LAS VEGAS — A Republican state lawmaker has proposed a ballot initiative in Nevada to open non-presidential primary elections to voters of all political parties.
The initiative would create a primary system for partisan races in which all candidates would appear on the ballot, meaning nonpartisan voters would be able to participate without changing their affiliation.
Nonpartisan voters were previously excluded under the state’s closed primary system which permitted only registered Republicans and Democrats to weigh in, state officials said.
Under the existing law, the contender with the most votes in each party primary moves on to the general election, but if a race only draws candidates from one party, the person with the most votes automatically wins the general election.
Some campaign watchdogs and government advocates have argued the process gives both major political parties undue influence over elections that should be decided by a wide variety of voters.
Registered nonpartisan voters account for 23% of the state’s active voters, officials said. Thirdparty voters or people registered with the Independent American Party, the Libertarian Party and other parties make up 6%.
Republican state Sen. Ben Kieckhefer submitted the ballot proposal to the state secretary’s office last week.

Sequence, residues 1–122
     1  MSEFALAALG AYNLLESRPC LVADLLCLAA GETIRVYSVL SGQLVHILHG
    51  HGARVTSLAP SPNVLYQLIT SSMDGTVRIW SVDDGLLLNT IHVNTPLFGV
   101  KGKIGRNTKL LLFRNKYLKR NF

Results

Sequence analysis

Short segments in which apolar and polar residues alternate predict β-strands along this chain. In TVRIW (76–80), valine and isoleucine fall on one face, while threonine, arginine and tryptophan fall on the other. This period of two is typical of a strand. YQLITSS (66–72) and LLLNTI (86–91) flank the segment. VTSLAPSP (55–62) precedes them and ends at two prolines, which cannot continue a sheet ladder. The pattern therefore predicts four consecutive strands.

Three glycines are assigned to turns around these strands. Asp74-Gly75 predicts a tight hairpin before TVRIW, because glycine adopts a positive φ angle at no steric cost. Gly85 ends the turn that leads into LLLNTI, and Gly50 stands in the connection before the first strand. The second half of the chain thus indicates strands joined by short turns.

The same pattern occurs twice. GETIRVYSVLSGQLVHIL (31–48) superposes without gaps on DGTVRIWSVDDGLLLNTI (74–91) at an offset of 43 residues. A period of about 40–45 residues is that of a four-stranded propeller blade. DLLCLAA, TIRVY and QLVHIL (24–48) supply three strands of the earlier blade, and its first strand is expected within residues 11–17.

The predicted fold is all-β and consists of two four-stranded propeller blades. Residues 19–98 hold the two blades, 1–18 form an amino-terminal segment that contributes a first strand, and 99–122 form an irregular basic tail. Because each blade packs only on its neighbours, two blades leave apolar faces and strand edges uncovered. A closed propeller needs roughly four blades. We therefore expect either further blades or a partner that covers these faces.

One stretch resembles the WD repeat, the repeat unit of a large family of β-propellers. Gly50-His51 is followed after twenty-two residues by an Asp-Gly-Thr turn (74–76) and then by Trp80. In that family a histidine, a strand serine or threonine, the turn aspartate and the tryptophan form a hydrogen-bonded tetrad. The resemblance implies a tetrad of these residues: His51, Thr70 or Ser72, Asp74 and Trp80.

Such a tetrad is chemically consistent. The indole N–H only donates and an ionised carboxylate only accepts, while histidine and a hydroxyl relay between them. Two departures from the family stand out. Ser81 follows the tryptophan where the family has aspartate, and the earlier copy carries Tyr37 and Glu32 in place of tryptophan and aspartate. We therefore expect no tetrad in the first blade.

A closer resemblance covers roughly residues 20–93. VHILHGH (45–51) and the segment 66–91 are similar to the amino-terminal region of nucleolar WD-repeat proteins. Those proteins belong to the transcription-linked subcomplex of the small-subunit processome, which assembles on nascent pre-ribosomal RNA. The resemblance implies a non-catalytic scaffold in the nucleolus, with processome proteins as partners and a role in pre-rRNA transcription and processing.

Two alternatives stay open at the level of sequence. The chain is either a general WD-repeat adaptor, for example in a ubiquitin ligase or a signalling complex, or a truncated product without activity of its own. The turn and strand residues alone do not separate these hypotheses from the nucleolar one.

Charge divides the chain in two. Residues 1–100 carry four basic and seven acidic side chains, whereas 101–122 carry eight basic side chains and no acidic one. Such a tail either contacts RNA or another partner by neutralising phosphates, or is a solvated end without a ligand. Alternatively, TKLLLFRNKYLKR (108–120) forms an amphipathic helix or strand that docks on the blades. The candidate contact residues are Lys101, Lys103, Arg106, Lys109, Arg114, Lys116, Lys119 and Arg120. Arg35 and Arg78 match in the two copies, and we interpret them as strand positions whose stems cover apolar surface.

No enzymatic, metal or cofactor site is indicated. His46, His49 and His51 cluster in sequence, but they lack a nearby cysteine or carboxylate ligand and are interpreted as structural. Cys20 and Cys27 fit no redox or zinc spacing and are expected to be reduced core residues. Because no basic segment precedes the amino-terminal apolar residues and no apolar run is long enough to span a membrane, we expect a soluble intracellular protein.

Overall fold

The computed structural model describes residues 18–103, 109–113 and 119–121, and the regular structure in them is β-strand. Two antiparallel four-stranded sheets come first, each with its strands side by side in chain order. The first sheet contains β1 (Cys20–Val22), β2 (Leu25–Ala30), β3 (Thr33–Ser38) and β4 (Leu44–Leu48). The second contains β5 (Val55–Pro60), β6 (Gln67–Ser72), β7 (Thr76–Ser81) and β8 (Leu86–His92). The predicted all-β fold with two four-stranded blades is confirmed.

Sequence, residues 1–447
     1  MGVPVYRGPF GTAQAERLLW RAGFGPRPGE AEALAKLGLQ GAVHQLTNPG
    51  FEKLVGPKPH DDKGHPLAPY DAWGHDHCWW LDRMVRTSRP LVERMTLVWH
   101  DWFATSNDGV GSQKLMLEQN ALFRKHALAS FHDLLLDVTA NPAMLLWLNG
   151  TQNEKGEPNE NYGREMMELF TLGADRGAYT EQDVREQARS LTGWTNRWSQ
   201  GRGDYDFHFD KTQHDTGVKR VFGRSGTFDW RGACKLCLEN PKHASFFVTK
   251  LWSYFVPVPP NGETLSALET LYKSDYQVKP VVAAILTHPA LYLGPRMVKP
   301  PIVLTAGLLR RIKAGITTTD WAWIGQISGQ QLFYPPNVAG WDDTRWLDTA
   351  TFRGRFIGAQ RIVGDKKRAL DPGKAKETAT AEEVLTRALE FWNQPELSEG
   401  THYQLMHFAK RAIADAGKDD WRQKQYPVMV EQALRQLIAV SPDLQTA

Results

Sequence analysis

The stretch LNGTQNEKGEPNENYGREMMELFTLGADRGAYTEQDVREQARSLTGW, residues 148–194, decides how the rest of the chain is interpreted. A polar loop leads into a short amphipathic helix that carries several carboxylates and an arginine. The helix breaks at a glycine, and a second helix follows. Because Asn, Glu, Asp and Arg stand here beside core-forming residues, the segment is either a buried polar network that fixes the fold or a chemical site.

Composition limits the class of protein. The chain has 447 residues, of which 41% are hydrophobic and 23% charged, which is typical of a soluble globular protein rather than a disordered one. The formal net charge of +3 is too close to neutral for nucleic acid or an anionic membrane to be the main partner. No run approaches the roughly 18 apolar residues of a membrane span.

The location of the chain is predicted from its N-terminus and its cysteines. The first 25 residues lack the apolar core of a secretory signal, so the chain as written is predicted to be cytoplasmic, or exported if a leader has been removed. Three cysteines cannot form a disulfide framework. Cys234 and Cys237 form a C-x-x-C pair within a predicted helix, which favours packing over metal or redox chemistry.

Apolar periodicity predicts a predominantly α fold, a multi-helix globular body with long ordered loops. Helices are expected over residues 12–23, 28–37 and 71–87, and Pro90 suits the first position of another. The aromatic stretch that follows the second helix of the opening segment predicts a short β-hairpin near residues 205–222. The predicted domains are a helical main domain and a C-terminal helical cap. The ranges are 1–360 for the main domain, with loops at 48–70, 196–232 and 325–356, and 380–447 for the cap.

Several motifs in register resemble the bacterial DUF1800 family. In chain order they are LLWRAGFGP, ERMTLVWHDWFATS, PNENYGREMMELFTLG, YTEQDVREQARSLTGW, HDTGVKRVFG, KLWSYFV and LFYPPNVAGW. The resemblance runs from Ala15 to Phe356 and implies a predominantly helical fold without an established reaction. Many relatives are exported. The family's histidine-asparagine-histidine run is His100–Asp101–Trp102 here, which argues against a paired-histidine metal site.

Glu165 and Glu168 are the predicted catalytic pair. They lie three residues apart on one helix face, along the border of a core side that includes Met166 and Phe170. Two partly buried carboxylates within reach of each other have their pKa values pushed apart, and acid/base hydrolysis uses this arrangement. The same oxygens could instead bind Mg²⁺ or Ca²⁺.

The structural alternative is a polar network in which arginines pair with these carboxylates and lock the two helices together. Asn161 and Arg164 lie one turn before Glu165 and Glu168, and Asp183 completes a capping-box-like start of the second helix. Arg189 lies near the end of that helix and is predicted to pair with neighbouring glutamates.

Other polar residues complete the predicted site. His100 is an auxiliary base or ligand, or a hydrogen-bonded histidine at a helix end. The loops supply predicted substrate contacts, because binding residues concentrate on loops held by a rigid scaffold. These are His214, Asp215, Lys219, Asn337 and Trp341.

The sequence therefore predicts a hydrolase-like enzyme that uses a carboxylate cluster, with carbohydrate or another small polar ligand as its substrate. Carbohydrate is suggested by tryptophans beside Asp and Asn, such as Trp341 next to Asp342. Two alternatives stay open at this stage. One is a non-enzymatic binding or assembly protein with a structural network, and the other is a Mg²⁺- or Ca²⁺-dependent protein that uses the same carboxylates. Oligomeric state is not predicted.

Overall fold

“The simple fact of the matter is that partisan elections are very often decided in the primary. If you aren’t of the party who has the majority in your respective districts, you ultimately get very little to no say in your government and that’s not how the system should work,” Kieckhefer told the Las Vegas Review-Journal.
The ballot proposal would change the system so that the top two vote-getters to advance to the general election, regardless of political party, meaning contests could come down to a pair of contenders from the same party.
If the initiative passes, it could also reduce the number of noncompetitive contests, Kieckhefer said.
More than a dozen state and local officer-holders were automatically elected in 2018 after failing to draw a general election opponent, the Reno Gazette Journal reported.
“This is a system that empowers voters, rather than political parties,” Kieckhefer told the Journal. “This is a system that gives every voter a chance to elect who represents them.”
The initiative would apply to state constitutional and legislative races and elections for the U.S. House of Representatives and U.S. Senate, officials said. It would not be utilized for presidential elections.
Supporters must gather 97,600 valid signatures to put the ballot to a statewide vote, officials said. The initiative would then go to the 2021 Legislature, and could go before voters in 2022.
Nevada is one of nine states with a closed primary and only three others — Washington, California and Nebraska — operate under the top-two system.